“We’re training the next generation of investigative journalists though internships, fellowships, and classroom collaborations, and some donors are inspired to support us to make sure that there will be more investigative journalists out there keeping watch on the people in power in the future,” said Hall.
The WCIJ also earns revenue through speaking engagements, events, contracted content creation for other outlets like NPR and National Geographic, and, most recently, a partnership with the Associated Press that has made 1,500-word versions of their reports available to AP members nationwide, which has led to a dramatic increase in readership.
“Our goal has always been to make content available to the public wherever public consumes news,” said Hall. “We try to make it as easy as possible for editors to use and share our stories with their audiences.”
Wisconsin Watch offers universal free access, though there is a password-protected side of the site where hundreds of media partners can access reports before they are published.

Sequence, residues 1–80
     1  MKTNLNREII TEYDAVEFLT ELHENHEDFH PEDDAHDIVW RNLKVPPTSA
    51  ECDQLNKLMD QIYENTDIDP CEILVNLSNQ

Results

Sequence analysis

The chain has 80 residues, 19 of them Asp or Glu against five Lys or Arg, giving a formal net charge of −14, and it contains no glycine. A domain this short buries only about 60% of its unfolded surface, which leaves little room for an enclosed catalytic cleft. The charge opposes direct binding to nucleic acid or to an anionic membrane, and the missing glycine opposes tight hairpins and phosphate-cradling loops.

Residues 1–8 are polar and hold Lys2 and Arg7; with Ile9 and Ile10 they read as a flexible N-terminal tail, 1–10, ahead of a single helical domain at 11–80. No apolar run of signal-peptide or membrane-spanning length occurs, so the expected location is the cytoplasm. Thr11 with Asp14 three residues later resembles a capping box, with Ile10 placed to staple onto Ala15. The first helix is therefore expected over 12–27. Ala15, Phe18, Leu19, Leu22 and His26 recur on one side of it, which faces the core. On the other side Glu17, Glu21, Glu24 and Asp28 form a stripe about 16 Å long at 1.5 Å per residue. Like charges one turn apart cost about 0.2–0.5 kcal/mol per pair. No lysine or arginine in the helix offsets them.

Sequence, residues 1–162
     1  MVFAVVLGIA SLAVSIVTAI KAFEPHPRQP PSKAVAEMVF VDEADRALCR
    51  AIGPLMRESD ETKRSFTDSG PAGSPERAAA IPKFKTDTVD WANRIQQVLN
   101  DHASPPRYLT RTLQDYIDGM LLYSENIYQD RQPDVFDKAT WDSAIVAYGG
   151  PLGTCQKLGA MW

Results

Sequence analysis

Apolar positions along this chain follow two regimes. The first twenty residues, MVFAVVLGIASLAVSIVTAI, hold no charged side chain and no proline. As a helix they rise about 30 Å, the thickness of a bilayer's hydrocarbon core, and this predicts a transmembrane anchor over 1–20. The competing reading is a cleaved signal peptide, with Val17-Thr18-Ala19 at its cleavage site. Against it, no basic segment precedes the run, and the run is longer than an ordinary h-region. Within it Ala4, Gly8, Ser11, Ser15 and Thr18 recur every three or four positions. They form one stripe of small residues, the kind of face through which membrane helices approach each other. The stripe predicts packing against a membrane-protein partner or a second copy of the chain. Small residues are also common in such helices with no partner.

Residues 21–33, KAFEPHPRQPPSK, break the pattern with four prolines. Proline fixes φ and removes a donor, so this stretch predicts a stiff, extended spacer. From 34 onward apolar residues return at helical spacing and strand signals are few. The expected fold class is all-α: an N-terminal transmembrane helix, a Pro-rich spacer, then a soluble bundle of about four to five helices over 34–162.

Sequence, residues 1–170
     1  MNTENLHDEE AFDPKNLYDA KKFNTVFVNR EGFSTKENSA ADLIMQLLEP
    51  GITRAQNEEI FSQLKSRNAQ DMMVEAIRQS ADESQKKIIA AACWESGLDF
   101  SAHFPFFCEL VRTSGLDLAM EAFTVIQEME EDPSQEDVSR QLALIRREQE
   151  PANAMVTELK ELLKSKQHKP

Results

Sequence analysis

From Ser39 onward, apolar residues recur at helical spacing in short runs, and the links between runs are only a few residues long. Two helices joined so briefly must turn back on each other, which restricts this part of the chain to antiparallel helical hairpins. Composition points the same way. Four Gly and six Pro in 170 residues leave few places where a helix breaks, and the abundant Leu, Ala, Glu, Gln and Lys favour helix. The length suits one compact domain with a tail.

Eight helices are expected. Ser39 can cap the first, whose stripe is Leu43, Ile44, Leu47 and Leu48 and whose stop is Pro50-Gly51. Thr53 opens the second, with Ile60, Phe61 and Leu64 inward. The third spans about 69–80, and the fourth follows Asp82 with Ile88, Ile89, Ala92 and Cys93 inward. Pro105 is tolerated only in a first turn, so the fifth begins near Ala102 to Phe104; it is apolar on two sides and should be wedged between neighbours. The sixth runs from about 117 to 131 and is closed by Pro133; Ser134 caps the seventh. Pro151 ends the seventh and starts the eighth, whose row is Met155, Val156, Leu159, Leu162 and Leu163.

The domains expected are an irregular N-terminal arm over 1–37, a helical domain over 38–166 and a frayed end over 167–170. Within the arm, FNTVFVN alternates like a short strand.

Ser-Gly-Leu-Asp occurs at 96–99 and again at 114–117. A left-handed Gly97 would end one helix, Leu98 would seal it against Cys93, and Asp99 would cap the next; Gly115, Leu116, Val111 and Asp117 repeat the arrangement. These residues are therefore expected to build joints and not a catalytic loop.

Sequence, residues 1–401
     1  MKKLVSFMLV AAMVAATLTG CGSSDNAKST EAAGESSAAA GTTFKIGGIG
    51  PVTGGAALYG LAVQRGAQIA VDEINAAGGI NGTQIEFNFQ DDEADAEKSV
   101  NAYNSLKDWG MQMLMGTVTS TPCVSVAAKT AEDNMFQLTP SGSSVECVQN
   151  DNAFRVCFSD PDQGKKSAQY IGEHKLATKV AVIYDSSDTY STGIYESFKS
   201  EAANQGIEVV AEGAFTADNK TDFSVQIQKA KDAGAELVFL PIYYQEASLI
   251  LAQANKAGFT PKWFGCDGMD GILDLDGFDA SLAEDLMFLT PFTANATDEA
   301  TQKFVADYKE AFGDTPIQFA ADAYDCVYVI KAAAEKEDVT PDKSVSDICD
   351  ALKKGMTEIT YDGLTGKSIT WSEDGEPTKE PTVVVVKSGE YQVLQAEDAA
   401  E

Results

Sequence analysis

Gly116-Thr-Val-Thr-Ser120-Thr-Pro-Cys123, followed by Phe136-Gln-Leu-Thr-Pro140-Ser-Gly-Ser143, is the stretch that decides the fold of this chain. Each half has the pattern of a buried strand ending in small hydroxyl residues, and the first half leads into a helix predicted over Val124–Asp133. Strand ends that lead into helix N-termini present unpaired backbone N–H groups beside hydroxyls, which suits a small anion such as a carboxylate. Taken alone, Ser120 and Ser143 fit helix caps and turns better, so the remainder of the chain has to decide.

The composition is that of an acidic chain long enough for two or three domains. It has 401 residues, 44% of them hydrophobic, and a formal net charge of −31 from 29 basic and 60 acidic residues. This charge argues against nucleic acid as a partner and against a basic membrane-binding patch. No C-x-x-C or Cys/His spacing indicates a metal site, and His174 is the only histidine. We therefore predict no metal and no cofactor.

Wide access is a common feature of the new nonprofit model and a reflection of its animating civic spirit. The Voice of San Diego has no pay wall, Markow said, because “we are a nonprofit and we believe very strongly that everyone should have access to the news.” Ralston said the NVIndy does not and “will never” have a pay wall or run any kind of ads or pop-ups. Emkow, in Michigan, said the Bridge not have a pay wall because “the mission is to “do the research” and “spread it far and wide.” In These Times has no pay wall, either, though they do charge for a subscription-based print magazine.